Montesquieu
 

XXVIII.41 The ebb and flow of ecclesiastical jurisdiction and lay jurisdiction

Civil autho­rity being in the hands of count­less lords, it had been easy for eccle­sias­ti­cal juris­dic­tion to allow itself ever grea­ter scope ; but as eccle­sias­ti­cal juris­dic­tion sap­ped the juris­dic­tion of lords, and in that way hel­ped add strength to royal juris­dic­tion, royal juris­dic­tion gra­dually res­trai­ned eccle­sias­ti­cal juris­dic­tion, and the lat­ter retrea­ted before the for­mer. The par­le­ment, which had adop­ted in its pro­ce­du­ral form all that was good and use­ful in that of the cle­ri­cal tri­bu­nal, soon could see nothing but its abu­ses ; and with royal juris­dic­tion gai­ning ground every day, it was always in a bet­ter posi­tion to cor­rect those very abu­ses. Indeed, they were into­le­ra­ble ; and without enu­me­ra­ting them, I shall refer the rea­der to Beaumanoir, Boutillier, and the ordi­nan­ces of our kings.1 I shall speak only of those that directly involve the public inte­rest. We know of these abu­ses from the decrees that refor­med them : dense igno­rance had intro­du­ced them ; a sort of cla­rity appea­red, and they were gone. We can judge from the silence of the clergy, which itself anti­ci­pa­ted the cor­rec­tion, which, given the nature of the human mind, deser­ves praise. Any man who died without giving some of his pos­ses­sions to the Church, which was cal­led dying unsh­ri­ven, was denied com­mu­nion and burial. If one died without making a will, the family had to get the bishop to name, along with them, arbi­tra­tors to deter­mine what the decea­sed should have given had he made a will. A cou­ple could not sleep toge­ther on their wed­ding night, nor even the next two, without having pur­cha­sed per­mis­sion to do so ; it was indeed those three nights that had to be cho­sen, since they would not have paid much money for the others. The par­le­ment cor­rec­ted all that : in the glos­sary of Ragau’s French law2 we find the decree which it issued3 against the bishop of Amiens.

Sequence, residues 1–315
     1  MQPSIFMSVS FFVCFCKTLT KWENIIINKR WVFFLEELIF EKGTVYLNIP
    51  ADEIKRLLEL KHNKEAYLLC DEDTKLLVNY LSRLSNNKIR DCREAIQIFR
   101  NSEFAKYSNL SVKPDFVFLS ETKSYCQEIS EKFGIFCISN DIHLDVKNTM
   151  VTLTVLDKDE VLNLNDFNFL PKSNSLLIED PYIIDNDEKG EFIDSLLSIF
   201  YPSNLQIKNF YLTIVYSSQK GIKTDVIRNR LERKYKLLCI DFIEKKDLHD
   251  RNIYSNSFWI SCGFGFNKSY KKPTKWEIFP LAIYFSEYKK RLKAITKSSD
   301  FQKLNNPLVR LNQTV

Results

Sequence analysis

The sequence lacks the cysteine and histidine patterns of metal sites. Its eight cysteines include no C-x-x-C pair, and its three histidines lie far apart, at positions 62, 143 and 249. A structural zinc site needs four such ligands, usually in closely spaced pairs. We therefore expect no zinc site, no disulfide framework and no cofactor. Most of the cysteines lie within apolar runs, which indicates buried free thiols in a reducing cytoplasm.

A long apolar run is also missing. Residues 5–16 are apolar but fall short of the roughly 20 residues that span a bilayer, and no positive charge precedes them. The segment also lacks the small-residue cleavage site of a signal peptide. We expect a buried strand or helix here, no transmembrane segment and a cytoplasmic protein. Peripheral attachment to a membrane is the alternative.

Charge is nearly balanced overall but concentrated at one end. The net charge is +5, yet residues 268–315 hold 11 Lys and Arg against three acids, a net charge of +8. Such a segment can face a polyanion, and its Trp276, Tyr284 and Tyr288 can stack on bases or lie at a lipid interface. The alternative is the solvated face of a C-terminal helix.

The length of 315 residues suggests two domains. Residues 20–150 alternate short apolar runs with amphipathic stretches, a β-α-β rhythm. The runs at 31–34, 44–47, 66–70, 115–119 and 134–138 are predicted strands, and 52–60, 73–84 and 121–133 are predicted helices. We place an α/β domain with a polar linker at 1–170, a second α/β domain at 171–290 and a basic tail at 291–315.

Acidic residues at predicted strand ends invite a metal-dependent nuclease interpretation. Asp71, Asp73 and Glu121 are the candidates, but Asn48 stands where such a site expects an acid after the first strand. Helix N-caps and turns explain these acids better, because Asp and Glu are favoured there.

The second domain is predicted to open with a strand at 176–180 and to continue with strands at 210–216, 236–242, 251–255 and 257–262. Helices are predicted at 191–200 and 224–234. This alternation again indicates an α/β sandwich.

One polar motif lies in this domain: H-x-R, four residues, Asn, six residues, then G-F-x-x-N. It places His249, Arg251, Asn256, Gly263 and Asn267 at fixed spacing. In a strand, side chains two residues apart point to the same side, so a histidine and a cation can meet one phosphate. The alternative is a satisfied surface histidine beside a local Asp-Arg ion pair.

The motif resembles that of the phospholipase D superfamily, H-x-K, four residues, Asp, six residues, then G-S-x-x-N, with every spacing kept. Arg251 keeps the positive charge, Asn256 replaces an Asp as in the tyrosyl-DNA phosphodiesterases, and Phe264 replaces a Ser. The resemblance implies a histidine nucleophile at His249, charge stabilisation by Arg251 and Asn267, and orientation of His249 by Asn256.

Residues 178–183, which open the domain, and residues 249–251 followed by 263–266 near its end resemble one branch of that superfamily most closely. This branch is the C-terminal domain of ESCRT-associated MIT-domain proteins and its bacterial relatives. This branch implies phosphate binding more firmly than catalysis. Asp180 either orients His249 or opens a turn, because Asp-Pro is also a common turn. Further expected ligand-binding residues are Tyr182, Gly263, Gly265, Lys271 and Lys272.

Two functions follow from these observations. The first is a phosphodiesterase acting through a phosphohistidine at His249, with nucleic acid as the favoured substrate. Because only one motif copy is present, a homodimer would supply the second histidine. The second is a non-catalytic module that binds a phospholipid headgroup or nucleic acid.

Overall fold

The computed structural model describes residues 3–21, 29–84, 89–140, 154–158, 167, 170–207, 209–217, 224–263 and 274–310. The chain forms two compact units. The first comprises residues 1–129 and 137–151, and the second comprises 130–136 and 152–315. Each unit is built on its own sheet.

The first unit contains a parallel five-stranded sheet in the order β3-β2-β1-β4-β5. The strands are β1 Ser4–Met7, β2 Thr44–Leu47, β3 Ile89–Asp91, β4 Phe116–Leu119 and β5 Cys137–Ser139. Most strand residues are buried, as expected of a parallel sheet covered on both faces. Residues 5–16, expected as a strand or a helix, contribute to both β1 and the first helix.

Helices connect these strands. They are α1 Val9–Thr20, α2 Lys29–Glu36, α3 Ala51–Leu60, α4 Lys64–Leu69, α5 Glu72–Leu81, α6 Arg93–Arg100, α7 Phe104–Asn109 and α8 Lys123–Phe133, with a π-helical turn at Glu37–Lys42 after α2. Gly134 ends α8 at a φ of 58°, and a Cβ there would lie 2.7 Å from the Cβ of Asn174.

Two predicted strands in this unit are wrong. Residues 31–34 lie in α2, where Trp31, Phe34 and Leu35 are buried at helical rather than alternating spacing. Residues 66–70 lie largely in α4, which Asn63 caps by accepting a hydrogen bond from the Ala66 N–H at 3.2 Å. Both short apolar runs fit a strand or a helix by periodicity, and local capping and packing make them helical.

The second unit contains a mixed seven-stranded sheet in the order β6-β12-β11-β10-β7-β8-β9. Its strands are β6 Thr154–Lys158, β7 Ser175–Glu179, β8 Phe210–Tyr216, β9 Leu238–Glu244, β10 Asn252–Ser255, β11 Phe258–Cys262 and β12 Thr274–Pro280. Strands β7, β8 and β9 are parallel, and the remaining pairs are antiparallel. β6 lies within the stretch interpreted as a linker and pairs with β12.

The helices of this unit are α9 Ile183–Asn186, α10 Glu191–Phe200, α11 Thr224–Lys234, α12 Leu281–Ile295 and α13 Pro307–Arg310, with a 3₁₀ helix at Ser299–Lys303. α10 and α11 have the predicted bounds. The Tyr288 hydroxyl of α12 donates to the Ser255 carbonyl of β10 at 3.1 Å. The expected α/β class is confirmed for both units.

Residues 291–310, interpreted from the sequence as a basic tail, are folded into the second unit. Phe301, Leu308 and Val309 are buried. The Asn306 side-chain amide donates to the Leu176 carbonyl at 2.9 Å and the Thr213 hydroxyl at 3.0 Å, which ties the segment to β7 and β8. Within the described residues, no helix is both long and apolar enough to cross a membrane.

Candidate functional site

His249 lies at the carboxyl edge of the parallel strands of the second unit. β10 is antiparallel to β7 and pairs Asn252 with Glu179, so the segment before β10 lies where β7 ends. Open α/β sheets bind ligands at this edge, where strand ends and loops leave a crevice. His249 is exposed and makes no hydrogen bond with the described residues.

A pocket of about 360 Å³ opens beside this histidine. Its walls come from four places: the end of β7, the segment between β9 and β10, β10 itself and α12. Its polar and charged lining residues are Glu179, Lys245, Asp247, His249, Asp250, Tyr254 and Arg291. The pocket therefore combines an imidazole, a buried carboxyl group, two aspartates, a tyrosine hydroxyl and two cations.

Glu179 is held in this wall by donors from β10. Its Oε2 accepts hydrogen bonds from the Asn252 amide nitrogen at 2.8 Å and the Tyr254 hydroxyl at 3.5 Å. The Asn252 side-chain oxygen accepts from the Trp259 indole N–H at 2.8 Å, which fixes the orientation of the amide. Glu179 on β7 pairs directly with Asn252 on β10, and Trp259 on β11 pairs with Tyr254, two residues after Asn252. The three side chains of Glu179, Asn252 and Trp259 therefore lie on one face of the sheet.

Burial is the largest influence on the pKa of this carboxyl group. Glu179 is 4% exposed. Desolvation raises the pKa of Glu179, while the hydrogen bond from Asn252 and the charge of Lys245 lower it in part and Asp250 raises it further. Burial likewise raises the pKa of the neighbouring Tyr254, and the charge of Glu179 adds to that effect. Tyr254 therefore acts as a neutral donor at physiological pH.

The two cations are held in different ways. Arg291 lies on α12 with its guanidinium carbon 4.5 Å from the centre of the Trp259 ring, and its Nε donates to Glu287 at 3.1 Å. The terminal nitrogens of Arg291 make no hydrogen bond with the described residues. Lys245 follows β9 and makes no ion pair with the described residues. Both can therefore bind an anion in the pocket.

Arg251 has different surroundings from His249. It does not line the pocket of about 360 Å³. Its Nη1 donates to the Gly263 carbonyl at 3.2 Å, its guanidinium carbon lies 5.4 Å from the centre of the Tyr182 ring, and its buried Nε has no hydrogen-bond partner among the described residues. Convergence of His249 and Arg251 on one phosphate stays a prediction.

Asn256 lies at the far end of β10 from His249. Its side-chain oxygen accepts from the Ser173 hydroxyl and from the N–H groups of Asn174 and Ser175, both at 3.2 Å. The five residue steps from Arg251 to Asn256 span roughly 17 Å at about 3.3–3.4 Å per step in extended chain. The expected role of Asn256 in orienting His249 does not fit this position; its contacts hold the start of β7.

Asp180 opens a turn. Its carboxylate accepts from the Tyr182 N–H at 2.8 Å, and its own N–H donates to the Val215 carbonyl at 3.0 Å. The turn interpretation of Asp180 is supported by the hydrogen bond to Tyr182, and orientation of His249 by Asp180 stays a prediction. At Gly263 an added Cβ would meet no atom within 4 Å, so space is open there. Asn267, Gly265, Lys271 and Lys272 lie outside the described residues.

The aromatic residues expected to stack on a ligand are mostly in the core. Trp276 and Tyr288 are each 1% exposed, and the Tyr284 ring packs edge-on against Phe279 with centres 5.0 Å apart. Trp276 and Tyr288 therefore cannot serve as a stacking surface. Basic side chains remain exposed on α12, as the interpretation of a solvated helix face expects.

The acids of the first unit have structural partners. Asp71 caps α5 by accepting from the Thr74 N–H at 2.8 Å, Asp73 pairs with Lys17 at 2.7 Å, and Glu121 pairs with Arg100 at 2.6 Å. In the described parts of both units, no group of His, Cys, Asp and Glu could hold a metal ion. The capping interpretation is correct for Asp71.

To return to the begin­ning of my chap­ter : when in any cen­tury or under any govern­ment we see the various bodies of the state see­king to expand their autho­rity, and take cer­tain advan­ta­ges over each other, we would often be wrong if we regar­ded their enter­pri­ses as a cer­tain sign of their cor­rup­tion. By a mis­for­tune atta­ched to the human condi­tion, great and mode­rate men are rare ; and since it is always easier to fol­low one’s strength than to check it, it is per­haps easier in the class of super­ior per­sons to find extre­mely vir­tuous per­sons than extre­mely wise men.

The mind tas­tes such delights in domi­na­ting other minds ; even those who love the good love them­sel­ves so much that there is no one who is not unhappy enough the he still must sus­pect his good inten­tions ; and in truth, our acts depend on so many things that it is a thou­sand times easier to do good than to do it well.

See Boutillier, Somme rural, tit. 9, which persons cannot make a demand in lay court ; and Beaumanoir, ch. xi, p. 56 ; and the statutes of Philip Auguste on this subject, and the establishment of Philip Augustus made with the clergy, the king, and the barons.

At the word “Exécuteurs testamentaires.”

Of 19 March 1409.